Brussels, December 2013
European Commission - Employment, Social Affairs organised this ergonomics-related event.
The work related
musculo-skeletal disorders (WRMSD) are well known by OSH specialists
and are defined by WHO (EU-OSHA 2010). The risk factors are many:
physical, organisational and individual. The increasing burden of MSD
is important and expensive not only for the workers but also for the
enterprises and for the society.
Many workers are
suffering from MSD as still shown by the last European Working
Condition Survey (EWCS) of 2010 (Eurofound): nearly one in two are
suffering of low back pain, four in ten of muscular pain in upper
limbs and one in three in lower limbs. MSD affect workers in all
sectors, men and women and are increasing with age. This EWCS 2010
shows that a lot of work constraints are existing with a high
percentage of workers exposed to these constraints, and especially to
Even if it is
difficult for each enterprise to evaluate costs of MSD, these costs
are often very high and can be divided in direct cost (absenteeism,
loss of productivity and/or of quality, increasing of the workload
for the colleagues not yet suffering of a MSD…) and indirect costs
(loss of knowledge, of skills, turn-over…) which can be estimated
to 2 to 3 times the direct costs. For example, a report on
absenteeism in Belgium evaluates the cost of one absence day to 924€.
This report shows that the absenteeism is increasing more and more
each year, with on average 6 days of absence per worker and per day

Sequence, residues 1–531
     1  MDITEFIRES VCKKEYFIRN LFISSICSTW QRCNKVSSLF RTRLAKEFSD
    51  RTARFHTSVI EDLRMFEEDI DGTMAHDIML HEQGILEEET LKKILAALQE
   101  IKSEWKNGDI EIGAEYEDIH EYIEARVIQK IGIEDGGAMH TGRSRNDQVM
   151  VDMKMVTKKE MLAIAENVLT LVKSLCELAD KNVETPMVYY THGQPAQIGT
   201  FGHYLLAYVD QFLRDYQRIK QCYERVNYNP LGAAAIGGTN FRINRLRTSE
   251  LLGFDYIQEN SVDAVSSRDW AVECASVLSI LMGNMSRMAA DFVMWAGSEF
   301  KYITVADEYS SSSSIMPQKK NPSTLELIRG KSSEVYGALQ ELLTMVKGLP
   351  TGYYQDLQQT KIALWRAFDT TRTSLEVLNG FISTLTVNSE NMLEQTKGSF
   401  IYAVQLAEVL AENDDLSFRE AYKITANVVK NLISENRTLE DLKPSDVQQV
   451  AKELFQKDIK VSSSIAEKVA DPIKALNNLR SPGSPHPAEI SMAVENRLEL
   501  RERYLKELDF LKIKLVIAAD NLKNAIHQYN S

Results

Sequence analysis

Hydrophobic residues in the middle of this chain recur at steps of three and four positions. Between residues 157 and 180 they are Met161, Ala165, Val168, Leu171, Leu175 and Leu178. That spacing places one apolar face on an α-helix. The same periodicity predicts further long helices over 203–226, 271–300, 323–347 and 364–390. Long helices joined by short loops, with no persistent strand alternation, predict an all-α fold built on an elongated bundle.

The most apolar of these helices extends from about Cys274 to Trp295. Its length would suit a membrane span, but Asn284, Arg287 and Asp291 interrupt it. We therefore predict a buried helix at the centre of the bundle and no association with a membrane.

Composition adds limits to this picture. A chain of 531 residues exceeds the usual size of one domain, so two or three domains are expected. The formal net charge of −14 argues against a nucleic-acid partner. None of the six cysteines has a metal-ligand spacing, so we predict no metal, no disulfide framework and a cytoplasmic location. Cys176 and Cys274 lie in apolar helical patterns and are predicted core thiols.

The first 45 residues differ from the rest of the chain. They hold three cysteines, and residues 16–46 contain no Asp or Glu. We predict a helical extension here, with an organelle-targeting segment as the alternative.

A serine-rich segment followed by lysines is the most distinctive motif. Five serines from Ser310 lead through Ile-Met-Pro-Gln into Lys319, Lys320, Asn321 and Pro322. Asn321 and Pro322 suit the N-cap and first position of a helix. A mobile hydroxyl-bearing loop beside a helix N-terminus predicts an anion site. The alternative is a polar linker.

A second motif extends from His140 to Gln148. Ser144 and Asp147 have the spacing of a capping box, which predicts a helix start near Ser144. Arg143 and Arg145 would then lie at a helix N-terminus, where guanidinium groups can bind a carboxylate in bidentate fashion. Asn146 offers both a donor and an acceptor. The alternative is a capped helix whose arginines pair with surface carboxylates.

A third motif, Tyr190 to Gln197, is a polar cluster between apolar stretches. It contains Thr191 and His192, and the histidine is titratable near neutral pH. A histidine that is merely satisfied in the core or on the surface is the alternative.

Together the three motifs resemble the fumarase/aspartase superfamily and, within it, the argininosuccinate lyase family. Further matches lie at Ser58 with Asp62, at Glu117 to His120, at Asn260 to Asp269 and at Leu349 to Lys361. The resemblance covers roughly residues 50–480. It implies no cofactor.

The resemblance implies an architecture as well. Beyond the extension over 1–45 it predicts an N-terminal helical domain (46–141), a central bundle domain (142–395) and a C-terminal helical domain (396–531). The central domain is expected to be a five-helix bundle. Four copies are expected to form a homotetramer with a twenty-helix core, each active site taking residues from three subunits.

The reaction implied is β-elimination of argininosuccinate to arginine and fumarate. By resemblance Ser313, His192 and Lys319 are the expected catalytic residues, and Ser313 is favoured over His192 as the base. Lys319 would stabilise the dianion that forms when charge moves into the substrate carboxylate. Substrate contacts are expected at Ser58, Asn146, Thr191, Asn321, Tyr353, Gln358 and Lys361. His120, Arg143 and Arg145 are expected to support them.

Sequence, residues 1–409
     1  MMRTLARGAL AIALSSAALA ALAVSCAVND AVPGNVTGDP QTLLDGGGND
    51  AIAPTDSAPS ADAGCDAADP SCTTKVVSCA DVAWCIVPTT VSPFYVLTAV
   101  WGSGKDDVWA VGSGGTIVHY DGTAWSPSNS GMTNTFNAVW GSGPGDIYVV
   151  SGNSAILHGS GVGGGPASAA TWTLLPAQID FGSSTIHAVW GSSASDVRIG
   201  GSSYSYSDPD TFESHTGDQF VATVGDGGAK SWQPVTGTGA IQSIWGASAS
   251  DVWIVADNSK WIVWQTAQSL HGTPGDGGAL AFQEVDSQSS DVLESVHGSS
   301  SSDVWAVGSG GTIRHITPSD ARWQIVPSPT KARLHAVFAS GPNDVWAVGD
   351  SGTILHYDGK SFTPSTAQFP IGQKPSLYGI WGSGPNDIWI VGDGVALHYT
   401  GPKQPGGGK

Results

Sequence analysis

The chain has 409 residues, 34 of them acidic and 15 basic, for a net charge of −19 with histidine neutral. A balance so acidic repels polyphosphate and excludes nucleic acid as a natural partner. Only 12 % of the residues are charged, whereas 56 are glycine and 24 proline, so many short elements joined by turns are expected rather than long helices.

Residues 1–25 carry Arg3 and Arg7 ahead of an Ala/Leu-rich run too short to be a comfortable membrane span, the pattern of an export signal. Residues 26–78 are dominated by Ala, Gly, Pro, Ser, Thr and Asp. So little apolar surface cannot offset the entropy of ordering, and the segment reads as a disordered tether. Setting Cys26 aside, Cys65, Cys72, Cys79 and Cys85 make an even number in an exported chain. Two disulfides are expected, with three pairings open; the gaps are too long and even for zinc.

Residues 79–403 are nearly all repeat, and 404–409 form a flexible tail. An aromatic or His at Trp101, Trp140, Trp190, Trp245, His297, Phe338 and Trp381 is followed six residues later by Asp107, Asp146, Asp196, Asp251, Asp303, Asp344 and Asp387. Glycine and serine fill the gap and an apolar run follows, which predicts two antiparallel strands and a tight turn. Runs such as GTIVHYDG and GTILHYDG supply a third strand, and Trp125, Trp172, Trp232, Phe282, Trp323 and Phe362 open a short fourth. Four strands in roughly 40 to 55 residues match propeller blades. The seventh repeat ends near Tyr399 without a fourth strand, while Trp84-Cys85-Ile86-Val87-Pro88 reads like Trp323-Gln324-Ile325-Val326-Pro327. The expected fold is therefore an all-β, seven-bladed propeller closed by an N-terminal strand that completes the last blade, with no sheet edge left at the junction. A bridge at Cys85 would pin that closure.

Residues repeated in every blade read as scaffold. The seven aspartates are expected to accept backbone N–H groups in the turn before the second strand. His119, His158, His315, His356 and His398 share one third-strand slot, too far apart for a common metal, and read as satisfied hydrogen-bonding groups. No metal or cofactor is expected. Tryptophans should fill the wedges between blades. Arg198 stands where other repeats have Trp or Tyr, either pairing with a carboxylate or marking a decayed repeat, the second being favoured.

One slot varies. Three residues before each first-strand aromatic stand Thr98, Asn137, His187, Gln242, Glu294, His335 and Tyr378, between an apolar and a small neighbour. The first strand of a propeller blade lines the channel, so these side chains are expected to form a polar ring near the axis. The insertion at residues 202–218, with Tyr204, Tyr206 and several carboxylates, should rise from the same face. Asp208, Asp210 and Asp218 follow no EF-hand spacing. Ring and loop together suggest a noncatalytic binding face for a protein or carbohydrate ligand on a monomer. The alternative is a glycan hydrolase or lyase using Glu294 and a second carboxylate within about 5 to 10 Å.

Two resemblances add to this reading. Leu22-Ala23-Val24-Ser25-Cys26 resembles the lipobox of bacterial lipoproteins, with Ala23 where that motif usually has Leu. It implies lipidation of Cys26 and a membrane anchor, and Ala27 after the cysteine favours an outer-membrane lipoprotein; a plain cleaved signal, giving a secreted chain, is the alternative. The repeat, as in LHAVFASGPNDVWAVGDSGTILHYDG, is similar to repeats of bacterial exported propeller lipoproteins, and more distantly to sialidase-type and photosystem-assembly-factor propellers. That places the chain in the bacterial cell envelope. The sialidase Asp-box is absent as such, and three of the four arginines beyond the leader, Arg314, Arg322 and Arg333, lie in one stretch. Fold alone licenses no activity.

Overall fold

for a total annual cost in Belgium estimated to 10.8 Billion €.
The costs for the
society are also very high and increasing: health care, disabled
people, occupational diseases compensation…Examples taken in
France, in Belgium and in Netherlands show the main part taken by MSD
in occupational diseases. From the EU-OSHA report 2010, MSD
represented nearly 40% of occupational diseases in Europe in 2005.
To help people and
especially the enterprises to realize this incredible burden of MSD
linked to the working conditions, we need a specific legislation to
give more visibility to MSD. But more essentially we need an European
OSH strategy to prevent MSD for the workers not yet affected, to
allow workers already suffering of MSD to stay longer at work but
also to help people to come back to work after a long absence due to
MSD. An ergonomic approach of the prevention ie a global approach of
all the risk factors, with the workers’ participation to better
adapt the working conditions seems the only solution to get an
effective MSD prevention.